The Gautrain stalker is 'escalating' his attacks

10 March 2019 - 00:00 By GRAEME HOSKEN
A Gautrain commuter is stalking women who use the train service.
A Gautrain commuter is stalking women who use the train service.
Image: Halden Krog

Three Pretoria women have told of how they have been repeatedly stalked and intimidated by a commuter on the Gautrain.

The man, believed to be a convicted sex fiend who works at a Johannesburg law firm, has allegedly followed the women to other carriages, their cars and offices. One victim also claims he followed her as she drove out of the Pretoria Gautrain parkade.

Four women have submitted statements to Gautrain authorities, three of whom spoke to the Sunday Times.

Police have confirmed they are working with the women and assisting one victim to obtain a protection order.

One of the women said she had first become aware of the man in October 2017. She had three further encounters with him in 2018 and a further five this year and said his behaviour had become increasingly aggressive.

She described one incident: "He saw me as I was about to get off the train at Hatfield. I noticed him right next to me and even physically bumping into my right-hand side. [After getting off the train] I slowed down and he slowed down too. I ran up to the stairs ... and was the first one to get into the basement parking. I heard footsteps behind me and I glanced back to see him about 5m behind me with his eyes fixated on me. He aggressively confronted me, telling me he was not following me. When I got into my car he walked away."

She said that as she drove out she saw him walk back to where they had come from and realised that he had not been parked in the vicinity.

Other confrontations had been similar.

The women asked not to be named out of fear for their safety.

They became aware of each other after forensic psychologist and former head of the SAPS Investigative Psychology Unit, Dr Gerard Labuschagne, began investigating the cases. The unit investigates serial killers and sexually motivated crimes.

Labuschagne was approached by the father-in-law of one of the victims. During his investigation he discovered that three other women had experienced similar incidents involving the same man.

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Two of the women had taken videos and photographs of the man on separate days of each other, and the others had written down his vehicle registration. Labuschagne said this had helped to identify the man and confirm his 1992 conviction for indecent assault.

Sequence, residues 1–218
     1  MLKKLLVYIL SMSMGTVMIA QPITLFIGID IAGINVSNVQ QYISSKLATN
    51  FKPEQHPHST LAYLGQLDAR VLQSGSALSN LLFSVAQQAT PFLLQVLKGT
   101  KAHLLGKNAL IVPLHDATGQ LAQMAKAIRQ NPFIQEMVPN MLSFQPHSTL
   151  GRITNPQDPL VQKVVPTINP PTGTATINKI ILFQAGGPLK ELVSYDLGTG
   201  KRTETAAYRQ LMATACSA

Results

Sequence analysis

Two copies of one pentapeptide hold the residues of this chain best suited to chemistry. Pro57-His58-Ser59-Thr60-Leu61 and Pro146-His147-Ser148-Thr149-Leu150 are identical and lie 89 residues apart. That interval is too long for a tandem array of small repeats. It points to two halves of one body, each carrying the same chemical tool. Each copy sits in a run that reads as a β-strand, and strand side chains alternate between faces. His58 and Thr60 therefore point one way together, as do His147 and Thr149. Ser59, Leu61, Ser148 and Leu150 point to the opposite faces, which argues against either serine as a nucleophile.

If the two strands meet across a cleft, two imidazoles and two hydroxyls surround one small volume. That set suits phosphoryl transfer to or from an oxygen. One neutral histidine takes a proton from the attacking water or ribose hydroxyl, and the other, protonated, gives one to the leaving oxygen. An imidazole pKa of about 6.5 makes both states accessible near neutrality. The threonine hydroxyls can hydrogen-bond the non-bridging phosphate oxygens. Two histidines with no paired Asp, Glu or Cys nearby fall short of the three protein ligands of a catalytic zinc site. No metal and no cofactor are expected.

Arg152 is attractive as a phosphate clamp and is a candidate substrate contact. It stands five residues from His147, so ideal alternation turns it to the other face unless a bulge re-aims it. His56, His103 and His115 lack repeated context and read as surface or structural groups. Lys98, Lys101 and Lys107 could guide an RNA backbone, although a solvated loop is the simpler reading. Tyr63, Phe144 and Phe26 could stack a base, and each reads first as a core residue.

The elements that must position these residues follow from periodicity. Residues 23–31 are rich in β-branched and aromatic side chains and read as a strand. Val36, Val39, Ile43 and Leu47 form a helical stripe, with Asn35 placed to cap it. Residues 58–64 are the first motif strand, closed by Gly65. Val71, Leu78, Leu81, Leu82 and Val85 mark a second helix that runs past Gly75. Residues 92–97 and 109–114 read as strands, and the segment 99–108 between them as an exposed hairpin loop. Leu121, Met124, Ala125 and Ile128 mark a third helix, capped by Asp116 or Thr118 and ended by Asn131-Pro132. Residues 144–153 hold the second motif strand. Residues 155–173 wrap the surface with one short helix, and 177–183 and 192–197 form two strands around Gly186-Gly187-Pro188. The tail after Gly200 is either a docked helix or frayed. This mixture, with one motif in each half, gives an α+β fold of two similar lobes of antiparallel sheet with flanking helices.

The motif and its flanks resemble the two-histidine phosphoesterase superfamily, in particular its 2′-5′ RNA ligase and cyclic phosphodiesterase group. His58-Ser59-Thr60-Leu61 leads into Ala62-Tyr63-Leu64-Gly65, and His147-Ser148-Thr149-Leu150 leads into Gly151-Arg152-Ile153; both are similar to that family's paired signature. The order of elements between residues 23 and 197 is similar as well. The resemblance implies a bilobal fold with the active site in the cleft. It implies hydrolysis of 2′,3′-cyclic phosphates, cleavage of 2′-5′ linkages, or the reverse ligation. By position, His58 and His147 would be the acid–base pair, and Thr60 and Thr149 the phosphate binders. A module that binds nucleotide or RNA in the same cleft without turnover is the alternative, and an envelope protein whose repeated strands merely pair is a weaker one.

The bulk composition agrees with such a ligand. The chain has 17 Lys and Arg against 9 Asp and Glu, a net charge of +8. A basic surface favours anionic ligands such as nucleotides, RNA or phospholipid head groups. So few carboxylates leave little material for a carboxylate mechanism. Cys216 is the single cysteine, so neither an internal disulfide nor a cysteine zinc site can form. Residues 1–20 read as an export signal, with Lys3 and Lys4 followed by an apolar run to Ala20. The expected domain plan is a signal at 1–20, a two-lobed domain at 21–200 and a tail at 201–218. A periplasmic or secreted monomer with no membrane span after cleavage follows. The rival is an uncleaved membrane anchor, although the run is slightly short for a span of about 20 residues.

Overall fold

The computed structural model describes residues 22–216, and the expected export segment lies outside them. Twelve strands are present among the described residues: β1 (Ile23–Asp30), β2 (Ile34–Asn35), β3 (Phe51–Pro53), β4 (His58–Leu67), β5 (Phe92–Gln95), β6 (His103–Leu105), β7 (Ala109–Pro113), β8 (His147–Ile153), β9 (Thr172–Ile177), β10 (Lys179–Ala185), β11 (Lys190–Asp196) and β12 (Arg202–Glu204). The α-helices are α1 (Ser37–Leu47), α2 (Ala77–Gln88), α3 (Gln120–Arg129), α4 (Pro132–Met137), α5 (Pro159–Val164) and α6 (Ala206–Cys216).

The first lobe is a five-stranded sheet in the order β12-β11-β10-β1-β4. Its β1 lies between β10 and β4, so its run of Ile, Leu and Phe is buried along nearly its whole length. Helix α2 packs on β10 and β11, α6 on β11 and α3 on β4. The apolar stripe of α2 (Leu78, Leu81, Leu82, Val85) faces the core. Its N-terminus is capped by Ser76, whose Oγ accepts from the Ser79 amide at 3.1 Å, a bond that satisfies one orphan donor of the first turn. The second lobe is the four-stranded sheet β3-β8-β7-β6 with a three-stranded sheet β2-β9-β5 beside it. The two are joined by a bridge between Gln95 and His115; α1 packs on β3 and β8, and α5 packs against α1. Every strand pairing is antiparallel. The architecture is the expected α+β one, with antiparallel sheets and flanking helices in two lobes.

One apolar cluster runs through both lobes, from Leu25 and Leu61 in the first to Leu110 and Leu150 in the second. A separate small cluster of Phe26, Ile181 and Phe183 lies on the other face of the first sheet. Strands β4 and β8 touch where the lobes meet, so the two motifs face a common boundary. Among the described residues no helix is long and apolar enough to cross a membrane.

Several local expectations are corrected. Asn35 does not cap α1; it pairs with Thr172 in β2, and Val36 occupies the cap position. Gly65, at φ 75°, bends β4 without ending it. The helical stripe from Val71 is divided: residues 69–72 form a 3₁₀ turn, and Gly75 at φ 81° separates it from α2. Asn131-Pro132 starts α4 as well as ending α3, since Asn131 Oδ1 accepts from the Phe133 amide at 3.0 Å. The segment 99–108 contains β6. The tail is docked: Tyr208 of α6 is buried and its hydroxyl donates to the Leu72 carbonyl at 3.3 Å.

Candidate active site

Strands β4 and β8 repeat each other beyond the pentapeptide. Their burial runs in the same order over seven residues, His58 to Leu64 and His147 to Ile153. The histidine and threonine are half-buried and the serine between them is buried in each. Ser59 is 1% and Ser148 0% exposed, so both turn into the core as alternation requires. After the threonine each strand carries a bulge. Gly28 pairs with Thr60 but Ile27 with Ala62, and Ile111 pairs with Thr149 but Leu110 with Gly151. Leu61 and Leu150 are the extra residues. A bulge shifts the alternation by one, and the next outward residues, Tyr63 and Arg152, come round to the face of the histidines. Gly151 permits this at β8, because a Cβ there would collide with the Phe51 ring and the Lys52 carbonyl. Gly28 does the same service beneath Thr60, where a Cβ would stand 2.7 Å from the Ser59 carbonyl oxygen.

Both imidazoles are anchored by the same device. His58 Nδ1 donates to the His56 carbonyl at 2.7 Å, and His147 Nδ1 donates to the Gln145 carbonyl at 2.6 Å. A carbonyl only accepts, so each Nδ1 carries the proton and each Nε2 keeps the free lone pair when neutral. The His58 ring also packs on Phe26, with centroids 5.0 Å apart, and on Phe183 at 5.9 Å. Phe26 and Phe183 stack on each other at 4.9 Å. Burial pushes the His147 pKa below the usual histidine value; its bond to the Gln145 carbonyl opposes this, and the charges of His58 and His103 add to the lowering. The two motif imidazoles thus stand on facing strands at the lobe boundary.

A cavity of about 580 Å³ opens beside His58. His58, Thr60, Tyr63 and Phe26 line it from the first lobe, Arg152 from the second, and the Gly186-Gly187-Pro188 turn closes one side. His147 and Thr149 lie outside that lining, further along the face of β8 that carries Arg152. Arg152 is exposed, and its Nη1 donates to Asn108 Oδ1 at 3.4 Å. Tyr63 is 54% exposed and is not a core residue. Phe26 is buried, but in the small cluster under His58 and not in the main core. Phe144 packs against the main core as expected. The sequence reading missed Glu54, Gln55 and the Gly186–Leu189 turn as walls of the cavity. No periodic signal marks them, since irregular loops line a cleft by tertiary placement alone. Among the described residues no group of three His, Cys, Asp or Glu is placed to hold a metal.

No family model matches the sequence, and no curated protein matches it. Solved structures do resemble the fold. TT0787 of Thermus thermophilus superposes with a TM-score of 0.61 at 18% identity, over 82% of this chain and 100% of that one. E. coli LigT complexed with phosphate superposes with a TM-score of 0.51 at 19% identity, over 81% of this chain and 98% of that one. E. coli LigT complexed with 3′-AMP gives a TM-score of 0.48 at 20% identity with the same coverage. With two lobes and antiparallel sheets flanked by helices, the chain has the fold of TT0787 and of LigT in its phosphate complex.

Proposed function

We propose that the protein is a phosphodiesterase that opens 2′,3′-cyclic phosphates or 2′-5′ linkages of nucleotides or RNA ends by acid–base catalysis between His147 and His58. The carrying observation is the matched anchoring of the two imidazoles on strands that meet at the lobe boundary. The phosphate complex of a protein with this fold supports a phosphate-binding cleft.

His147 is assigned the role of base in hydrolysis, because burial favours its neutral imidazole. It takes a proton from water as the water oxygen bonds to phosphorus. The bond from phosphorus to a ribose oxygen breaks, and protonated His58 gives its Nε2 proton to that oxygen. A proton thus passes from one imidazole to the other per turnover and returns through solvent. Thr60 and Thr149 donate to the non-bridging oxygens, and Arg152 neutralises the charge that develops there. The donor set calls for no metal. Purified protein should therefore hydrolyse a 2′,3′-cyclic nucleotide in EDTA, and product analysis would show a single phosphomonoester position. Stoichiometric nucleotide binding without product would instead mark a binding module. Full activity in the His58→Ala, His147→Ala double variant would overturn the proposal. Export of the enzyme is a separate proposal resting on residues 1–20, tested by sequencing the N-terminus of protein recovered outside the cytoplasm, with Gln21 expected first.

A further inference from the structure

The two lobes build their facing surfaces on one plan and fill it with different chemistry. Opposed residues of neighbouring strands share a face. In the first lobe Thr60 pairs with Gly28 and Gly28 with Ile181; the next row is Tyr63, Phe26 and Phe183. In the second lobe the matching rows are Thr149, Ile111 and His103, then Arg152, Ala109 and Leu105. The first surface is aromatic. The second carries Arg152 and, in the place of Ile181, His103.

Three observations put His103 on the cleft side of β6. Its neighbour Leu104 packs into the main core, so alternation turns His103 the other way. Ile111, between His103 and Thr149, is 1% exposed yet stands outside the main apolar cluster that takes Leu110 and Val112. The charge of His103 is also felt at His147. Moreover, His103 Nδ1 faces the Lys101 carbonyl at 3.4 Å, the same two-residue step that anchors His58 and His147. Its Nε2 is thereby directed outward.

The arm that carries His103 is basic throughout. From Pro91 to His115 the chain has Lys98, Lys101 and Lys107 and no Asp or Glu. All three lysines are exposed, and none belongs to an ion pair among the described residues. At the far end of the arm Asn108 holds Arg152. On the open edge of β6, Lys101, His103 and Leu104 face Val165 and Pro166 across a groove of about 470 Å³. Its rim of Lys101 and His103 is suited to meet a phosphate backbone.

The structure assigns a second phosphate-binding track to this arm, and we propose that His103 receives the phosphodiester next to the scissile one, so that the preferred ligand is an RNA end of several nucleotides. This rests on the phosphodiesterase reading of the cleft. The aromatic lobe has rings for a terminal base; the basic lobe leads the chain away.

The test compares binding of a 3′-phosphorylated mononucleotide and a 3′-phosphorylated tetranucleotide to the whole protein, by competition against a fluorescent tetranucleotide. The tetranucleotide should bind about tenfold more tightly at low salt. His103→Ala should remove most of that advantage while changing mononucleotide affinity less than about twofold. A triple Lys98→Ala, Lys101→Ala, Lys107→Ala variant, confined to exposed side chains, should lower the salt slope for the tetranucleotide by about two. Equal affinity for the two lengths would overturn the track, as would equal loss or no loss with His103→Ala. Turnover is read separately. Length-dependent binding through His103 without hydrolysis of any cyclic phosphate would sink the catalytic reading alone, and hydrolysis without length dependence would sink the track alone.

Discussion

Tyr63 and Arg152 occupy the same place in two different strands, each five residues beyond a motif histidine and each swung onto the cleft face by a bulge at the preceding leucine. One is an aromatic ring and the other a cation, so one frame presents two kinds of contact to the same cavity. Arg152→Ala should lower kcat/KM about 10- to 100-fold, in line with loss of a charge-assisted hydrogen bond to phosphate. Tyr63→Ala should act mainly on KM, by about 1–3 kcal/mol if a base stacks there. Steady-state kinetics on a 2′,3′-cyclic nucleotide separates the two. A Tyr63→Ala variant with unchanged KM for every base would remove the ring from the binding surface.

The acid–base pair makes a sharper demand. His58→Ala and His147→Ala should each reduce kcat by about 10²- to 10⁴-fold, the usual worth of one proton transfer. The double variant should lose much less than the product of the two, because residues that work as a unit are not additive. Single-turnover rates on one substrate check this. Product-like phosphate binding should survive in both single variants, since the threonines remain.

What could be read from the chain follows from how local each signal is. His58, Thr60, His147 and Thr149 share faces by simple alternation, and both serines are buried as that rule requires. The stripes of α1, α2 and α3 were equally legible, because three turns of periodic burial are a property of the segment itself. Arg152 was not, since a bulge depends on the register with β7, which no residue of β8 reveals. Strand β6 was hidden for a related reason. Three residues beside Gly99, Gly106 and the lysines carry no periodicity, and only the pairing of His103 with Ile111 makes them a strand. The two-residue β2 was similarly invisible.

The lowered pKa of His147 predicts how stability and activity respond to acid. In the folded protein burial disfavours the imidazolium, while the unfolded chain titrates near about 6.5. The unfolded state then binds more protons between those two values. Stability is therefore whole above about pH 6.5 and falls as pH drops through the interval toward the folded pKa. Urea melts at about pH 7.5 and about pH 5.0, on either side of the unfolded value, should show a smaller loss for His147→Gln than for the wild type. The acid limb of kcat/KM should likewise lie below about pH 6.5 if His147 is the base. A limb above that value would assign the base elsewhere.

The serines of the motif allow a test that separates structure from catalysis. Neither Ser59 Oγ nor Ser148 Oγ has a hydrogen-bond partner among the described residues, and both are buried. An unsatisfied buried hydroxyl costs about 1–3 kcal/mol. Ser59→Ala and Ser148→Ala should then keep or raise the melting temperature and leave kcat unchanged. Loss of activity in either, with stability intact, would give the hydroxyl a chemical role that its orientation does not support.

Until now the man has kept physical contact to a minimum. But a threat assessment report by Labuschagne, based on the four victims' statements, reveals the stalking is escalating and notes concerning changes to the stalker's behaviour, with increasing risks to victims.

He was driving aggressively behind me. He was following me. It was terrifying
Victim of Gautrain stalker

One of the women said she had not got much support from Gautrain officials.

"This man has a previous conviction for sexual assault. He is the problem and he is not stopping. He followed me two weeks ago. When I reported this to Gautrain I was told to get a protection order," she said.

She said she now travels with male colleagues for protection.

"He is like a ghost. Out of nowhere he is suddenly next to you."

Another victim said she had been followed out of the Pretoria station by the man.

"He was driving aggressively behind me. He was following me. It was terrifying. Gautrain says I must get a protection order, but they must ban him."

But Gautrain spokesperson Kesagee Nayager said: "We must operate in accordance with the laws. We cannot ban an individual based on allegations. We are working with the police."

She said they had received one official complaint as well as "unofficial" complaints in the form of written statements via Labuschagne.

"We have advised the passengers to lodge complaints with the police and apply for protection orders."

Nayager said the Gautrain had offered the official complainant legal assistance to apply for a protection order.

Gauteng police spokesperson Capt Marvin Masondo said they were investigating the incidents.

Approached for comment via cellphone, the alleged stalker, who confirmed his name to the Sunday Times, said: "No, no, I don't know about this. It's very noisy here in the reception, I can't hear you. I will phone you back."

Further attempts to reach him via cellphone failed, with his phone turned off. He did not reply to SMSed questions.

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